Whew. Pardon me while I catch my breath.

Yogi Berra was right. It ain't over till it's over.

Spurs 129, Golden State Warriors 127.

In double overtime.

It was a crazy game, Spurs point guard Tony Parker said.

It was so crazy that Spurs coach Gregg Popovich looked ashen, drained, as he talked to the media after the game.

Those who stayed and watched the Spurs' thrilling comeback victory in Game 1 of the Western Conference semifinal series Monday night will remember it for years to come.

Those who walked out of the AT&T Center in droves when the Warriors led 104-88 with 4:31 left will regret leaving and missing the end of one of the most exciting playoff games in Spurs history.

We just had to keep fighting, Parker said. We just tried to hang on. We had a great run at the end.

As Yogi said, it ain't over till it's over.

Right, Manu Ginobili?

After struggling through one of his worst shooting nights of the season, Ginobili nailed a 3-pointer with 1.2 seconds left to give the Spurs the improbable victory.

It wasn't my best shooting night, but it really helps when you hit the last one, Ginobili said.

Ginobili's big shot rekindles memories of Memorial Day Miracle

Ginobili finished with 16 points, but he hit only 5 of 20 shots and was 2 of 9 from beyond the arc. That might explain why the Warriors left him so wide open on the Spurs' last possession, but if they were going with percentages, their gamble backfired badly.

As anybody who has followed Ginobili's career would attest, he's a gamer who can be 0-for-whatever and still score the critical basket at the end.

Still, Ginobili very easily could have been the goat of the game after he missed an ill-advised 27-foot 3-pointer with 44.1 seconds left and the Spurs up 126-123. That left the door wide open for the Warriors, who took a 127-126 lead on back-to-back layups by Stephen Curry and Kent Bazemore.

Bazemore's basket came with 3.9 seconds left. The Spurs promptly called a full timeout and then a 20-second timeout with 3.4 seconds remaining before Kawhi Leonard, who was inbounding the ball, hit Ginobili with a cross-court pass.

Wide open, Ginobili drained the 3-pointer in front of the Warriors' bench. His game-winner will rank up there in Spurs lore with the Memorial Day Miracle in 1999, when Sean Elliott buried a trey to give the Spurs a scintillating victory over the Portland Trail Blazers in Game 2 of the West semifinals.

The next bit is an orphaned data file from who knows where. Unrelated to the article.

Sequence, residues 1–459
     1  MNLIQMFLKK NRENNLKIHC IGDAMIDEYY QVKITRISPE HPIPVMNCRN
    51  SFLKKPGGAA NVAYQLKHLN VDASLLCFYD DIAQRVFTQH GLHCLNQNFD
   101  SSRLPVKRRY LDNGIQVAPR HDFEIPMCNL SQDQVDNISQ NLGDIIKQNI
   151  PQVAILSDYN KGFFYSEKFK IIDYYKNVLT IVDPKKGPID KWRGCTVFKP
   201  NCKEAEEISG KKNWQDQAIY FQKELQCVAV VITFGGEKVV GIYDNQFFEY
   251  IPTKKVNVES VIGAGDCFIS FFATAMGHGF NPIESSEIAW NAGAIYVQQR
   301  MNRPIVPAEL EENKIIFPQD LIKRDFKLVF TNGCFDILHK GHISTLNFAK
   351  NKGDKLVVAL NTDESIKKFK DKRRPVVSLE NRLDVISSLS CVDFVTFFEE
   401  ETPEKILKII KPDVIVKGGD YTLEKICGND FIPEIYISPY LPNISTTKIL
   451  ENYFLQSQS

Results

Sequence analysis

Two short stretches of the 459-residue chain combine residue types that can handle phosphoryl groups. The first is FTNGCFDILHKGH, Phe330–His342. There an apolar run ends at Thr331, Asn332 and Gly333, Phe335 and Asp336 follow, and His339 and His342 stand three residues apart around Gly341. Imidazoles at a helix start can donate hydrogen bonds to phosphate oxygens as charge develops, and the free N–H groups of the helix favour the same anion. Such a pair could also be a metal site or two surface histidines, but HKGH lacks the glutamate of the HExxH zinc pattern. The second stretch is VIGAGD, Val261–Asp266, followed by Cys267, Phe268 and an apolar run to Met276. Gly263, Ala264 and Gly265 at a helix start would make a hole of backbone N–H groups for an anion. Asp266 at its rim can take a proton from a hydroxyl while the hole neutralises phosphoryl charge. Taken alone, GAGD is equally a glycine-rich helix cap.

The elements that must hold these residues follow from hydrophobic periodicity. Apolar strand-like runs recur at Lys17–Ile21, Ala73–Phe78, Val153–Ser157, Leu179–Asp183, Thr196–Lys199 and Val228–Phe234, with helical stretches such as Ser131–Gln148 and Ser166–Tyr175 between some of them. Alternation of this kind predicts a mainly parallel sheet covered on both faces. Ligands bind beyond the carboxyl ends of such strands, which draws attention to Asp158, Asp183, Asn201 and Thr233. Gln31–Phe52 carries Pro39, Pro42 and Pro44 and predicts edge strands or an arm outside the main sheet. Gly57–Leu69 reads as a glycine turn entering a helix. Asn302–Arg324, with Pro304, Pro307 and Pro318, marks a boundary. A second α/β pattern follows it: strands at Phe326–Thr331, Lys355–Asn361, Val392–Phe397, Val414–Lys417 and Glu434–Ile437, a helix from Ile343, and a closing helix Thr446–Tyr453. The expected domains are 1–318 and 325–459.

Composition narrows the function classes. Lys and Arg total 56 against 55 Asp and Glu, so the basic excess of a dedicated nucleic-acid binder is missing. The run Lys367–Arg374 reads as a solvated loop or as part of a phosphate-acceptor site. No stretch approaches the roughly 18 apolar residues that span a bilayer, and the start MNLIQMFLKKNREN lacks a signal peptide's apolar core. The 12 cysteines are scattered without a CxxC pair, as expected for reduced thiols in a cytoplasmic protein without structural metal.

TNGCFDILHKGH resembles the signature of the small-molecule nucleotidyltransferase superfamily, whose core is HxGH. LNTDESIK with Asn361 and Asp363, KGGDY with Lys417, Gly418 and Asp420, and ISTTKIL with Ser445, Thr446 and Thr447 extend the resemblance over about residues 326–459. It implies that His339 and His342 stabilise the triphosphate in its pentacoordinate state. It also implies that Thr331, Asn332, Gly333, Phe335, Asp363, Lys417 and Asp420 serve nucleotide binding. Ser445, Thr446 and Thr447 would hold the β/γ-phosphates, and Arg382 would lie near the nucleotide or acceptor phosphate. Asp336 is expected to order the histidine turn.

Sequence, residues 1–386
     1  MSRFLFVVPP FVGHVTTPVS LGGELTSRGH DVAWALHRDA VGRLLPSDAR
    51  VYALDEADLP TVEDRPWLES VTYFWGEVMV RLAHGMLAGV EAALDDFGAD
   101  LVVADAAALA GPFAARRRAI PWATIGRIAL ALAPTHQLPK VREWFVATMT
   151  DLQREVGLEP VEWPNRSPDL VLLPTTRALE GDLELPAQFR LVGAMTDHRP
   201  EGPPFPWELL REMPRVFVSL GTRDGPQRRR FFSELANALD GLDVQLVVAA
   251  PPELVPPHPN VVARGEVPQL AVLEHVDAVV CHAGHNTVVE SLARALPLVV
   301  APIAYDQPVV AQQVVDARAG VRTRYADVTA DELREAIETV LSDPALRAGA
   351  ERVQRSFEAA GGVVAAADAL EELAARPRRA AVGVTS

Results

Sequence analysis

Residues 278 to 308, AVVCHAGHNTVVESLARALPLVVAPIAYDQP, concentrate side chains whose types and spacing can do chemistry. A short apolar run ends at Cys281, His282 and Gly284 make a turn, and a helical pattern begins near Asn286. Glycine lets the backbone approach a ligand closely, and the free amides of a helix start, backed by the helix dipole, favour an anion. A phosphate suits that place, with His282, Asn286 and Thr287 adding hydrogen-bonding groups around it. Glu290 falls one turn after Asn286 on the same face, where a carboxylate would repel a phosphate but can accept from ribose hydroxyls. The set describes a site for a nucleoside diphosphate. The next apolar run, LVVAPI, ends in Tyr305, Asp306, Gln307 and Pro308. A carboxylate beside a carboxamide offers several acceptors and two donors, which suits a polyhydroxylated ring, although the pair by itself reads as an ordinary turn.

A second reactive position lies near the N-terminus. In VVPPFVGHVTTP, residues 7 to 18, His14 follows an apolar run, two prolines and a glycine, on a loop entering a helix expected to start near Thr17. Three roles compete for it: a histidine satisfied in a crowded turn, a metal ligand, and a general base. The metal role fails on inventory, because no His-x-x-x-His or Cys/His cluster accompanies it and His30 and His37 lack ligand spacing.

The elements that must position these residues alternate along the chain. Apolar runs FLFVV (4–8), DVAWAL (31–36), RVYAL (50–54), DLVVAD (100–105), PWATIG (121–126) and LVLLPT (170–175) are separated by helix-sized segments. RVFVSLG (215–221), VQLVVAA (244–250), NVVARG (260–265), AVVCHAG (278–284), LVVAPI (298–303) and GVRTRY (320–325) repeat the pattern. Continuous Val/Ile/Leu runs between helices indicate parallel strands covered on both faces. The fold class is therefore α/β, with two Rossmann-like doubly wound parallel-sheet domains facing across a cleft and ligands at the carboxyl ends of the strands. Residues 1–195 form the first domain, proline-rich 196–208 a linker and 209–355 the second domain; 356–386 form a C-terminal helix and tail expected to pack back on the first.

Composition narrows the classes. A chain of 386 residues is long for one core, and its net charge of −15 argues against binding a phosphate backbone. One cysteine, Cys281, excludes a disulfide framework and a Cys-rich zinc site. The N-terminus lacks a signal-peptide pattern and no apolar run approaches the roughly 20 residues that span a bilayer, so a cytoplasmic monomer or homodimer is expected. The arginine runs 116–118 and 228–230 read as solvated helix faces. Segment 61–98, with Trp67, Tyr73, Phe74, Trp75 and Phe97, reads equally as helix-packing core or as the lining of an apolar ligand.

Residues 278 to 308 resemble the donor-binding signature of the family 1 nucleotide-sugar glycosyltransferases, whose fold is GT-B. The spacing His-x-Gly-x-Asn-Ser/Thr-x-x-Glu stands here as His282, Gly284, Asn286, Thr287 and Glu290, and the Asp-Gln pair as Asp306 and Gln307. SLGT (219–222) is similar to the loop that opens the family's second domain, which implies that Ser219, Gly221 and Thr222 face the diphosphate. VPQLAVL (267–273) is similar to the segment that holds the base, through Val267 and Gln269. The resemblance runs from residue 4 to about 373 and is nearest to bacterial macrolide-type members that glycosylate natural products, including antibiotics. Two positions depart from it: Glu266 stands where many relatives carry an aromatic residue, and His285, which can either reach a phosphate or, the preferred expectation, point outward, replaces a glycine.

Popovich drew laughter during his postgame news conference when a reporter asked him to describe his range of emotions between Ginobili's last two 3-pointers.

That's great, Popovich said. You're a very observant man. I went from trading him on the spot to wanting to cook him breakfast tomorrow. That's the truth.

When I talk to him and say 'Manu.' He goes 'This is what I do.' That's what he's going to tell me. I stopped coaching him a long time ago.

Ginobili: 'We won and that's what counts now'

Ginobili was asked if Popovich told him anything after he took the long 3-pointer that missed.

No, he didn't say a word, Ginobili said. He has faces that mean a lot and I already knew that when I shot that one from the top of the key. I kind of turned and from the side of my eye, I saw his body language.

He was right. It was a terrible shot in a key moment. So it really helped me that I made that last shot because it would have been a tough night. We won and that's what counts now.

Ginobili's game-winning shot stole the thunder from Warriors shooting phenom Stephen Curry, who finished with 44 points and 11 assists. He made 18 of 35 field-goal attempts, including 6 of 14 from beyond the arc.

Curry was virtually unstoppable in the third quarter, hitting 9 of 12 shots and scoring 22 points. He nailed 4 of 6 treys in the period, which ended with the Warriors leading 92-80.

So what now?

How will the wear-and-tear of a double-overtime game affect the Spurs, and how will the Warriors react to the heart-wrenching loss?

After all of those minutes played, everybody was exhausted, Ginobili said. You give everything you have in every minute you play. Playing an extra 10 is tough. The most I've played in the last month was 20 minutes and today it was 36.

Tony Parker had to play 48, and we're not used to that. In a game that emotional, it's tougher. I need a good day of rest tomorrow and some rehab. Then we'll come back for another really tough one in two days.

Game 2 is at 8:30 p.m. Wednesday at the AT&T Center.

Brace yourselves. Considering how the Warriors are playing, it could be another crazy game.
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